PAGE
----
A 2002 competition for the project was won by Wright & Wright, a practice that had established a strong track record in library design, having completed both the Women’s Library at London Metropolitan University and the library at the Royal College of Art. Funded in large part by a donation from John Taylor, a Corpus alumnus who made a fortune by inventing the cordless kettle, the Taylor Library finally opened its doors in February.
Wright & Wright’s scheme involved gutting the existing building, removing the floor of the banking hall at street level, and dropping the basement floor by a metre. Into the shell, the practice introduced a structure to support bookshelves and reading desks.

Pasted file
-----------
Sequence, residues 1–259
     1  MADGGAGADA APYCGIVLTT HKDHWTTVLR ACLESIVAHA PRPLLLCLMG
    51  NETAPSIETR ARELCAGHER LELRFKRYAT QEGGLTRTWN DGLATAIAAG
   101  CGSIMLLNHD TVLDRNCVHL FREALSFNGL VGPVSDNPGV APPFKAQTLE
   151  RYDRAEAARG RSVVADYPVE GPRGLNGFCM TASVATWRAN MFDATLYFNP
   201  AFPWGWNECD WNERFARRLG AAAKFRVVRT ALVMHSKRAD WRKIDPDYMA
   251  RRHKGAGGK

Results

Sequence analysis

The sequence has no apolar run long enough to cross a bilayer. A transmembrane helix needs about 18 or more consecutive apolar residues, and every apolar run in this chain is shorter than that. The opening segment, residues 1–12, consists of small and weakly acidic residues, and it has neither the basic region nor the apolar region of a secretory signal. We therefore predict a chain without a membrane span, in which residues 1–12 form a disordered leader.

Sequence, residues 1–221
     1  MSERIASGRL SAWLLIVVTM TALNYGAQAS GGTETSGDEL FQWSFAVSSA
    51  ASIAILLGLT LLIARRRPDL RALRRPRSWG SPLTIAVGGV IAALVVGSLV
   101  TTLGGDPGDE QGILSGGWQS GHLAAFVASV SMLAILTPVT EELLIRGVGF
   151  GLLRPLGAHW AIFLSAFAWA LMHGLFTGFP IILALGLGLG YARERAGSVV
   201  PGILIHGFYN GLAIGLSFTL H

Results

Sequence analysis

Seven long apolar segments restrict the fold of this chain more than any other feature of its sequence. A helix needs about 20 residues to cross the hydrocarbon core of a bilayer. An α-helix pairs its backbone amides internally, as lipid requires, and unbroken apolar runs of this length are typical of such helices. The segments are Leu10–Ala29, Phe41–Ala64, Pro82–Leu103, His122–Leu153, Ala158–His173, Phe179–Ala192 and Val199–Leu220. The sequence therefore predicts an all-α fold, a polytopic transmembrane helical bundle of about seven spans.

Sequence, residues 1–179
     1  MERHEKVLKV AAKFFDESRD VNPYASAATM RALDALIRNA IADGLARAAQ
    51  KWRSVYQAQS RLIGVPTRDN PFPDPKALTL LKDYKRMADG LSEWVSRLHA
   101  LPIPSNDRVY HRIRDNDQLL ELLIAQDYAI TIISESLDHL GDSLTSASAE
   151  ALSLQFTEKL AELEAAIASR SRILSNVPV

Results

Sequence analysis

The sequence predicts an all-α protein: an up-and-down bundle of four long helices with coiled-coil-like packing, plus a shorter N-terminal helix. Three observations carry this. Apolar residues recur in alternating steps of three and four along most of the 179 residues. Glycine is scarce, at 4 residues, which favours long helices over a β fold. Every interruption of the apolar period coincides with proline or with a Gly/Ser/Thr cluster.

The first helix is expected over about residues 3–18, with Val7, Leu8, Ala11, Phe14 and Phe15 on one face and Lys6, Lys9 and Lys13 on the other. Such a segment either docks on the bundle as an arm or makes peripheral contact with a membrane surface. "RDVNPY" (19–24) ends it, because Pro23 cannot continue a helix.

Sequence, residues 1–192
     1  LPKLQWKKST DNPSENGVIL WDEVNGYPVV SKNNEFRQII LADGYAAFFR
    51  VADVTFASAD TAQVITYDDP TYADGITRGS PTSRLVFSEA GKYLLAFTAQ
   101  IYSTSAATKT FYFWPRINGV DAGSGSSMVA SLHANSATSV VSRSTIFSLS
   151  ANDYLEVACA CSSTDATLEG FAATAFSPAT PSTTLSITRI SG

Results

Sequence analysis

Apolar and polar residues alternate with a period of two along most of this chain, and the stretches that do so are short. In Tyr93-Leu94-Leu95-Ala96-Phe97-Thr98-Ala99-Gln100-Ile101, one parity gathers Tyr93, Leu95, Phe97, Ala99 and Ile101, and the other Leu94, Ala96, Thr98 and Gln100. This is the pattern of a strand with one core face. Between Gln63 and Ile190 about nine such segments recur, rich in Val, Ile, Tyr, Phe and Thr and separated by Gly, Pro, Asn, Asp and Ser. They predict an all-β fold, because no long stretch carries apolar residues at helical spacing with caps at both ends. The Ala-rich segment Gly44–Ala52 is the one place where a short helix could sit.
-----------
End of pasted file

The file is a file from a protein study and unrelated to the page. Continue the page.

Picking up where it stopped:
The new structure reads as a building within a building, and is held apart from the original walls by a full height-void. This move has enabled the new floor plates to be positioned freely — there are now three where there were previously two — without crashing into the inherited window openings. It also allows the intervention to follow an orthogonal plan without becoming embroiled in the site’s wayward boundary line.
The choice of materials also proves a significant distinguishing factor. Where the internal faces of the original walls are plastered, the bookshelves and reading desks of the new fabric are meticulously detailed in oak-veneered joinery. That same material is used for the balustrades and as a lining for the steel structure, with the effect that the whole takes on a decidedly monumental presence. For all the lightness of its construction, the new work feels every bit as substantial as the old.